92 ARG   ( 172-)  A      NH1 <->  401 HOH   ( 491 )  A      O      0.09    2.61  INTRA
 104 HIS   ( 184-)  A      ND1 <->  106 GLY   ( 186-)  A      N      0.08    2.92  INTRA BL
   8 LYS   (  89-)  A      NZ  <->  335 GLY   ( 415-)  A      O      0.08    2.62  INTRA
   6 LEU   (  87-)  A      N   <->  153 HIS   ( 233-)  A      CD2    0.07    3.03  INTRA
 189 ALA   ( 269-)  A      N   <->  232 HIS   ( 312-)  A      NE2    0.07    2.93  INTRA
 238 CYS   ( 318-)  A      SG  <->  302 LEU   ( 383-)  A      O      0.06    2.79  INTRA
 186 GLU   ( 266-)  A      OE1 <->  232 HIS   ( 312-)  A      ND1    0.05    2.65  INTRA
  21 LYS   ( 102-)  A      NZ  <->  401 HOH   ( 563 )  A      O      0.05    2.65  INTRA BL
  11 CYS   (  92-)  A      SG  <->  337 CYS   ( 417-)  A      C      0.05    3.35  INTRA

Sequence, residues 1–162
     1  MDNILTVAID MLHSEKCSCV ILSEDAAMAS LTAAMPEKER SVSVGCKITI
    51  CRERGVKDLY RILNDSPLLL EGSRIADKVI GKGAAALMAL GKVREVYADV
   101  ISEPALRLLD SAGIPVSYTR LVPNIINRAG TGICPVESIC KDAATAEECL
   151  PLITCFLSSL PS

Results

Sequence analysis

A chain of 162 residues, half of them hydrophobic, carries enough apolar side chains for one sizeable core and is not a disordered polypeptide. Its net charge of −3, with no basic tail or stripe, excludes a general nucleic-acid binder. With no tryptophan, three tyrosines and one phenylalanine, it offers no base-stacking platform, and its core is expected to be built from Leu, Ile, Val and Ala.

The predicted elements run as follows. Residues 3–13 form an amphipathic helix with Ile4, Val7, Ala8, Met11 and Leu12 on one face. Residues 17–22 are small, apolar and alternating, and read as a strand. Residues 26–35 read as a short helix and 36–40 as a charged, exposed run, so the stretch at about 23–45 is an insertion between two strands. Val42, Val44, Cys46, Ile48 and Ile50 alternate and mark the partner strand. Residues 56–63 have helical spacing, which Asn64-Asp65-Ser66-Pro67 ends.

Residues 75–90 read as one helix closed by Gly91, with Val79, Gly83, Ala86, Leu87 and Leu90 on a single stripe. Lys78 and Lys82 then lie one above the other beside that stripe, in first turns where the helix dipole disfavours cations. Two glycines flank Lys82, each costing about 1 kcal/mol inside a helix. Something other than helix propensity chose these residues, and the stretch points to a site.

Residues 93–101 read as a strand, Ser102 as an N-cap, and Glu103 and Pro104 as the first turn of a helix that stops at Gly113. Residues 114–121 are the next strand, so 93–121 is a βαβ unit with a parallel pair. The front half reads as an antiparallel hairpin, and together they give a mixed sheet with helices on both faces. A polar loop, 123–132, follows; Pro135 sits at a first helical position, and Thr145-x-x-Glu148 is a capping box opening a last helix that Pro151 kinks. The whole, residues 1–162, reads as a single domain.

348 ARG   ( 428-)  A      NH1 <->  380 ASP   ( 460-)  A      OD2    0.04    2.66  INTRA BL
 291 SER   ( 372-)  A      C   <->  318 ASN   ( 400-)  A      ND2    0.04    3.06  INTRA
  87 THR   ( 168-)  A      N   <->   90 ASN   ( 170-)  A      ND2    0.04    2.81  INTRA
 381 GLY   ( 461-)  A      N   <->  401 HOH   ( 612 )  A      O      0.03    2.67  INTRA BL
 194 HIS   ( 274-)  A      CE1 <->  196 GLU   ( 276-)  A      OE2    0.03    2.77  INTRA
 207 ILE   ( 287-)  A      O   <->  225 ILE   ( 305-)  A      N      0.03    2.67  INTRA
  38 GLU   ( 119-)  A      N   <->   39 PRO   ( 120-)  A      CD     0.02    2.98  INTRA BL
 226 ASP   ( 306-)  A      O   <->  230 MET   ( 310-)  A      N      0.02    2.68  INTRA
 218 SER   ( 298-)  A      N   <->  219 ASN   ( 299-)  A      N      0.02    2.58  INTRA B3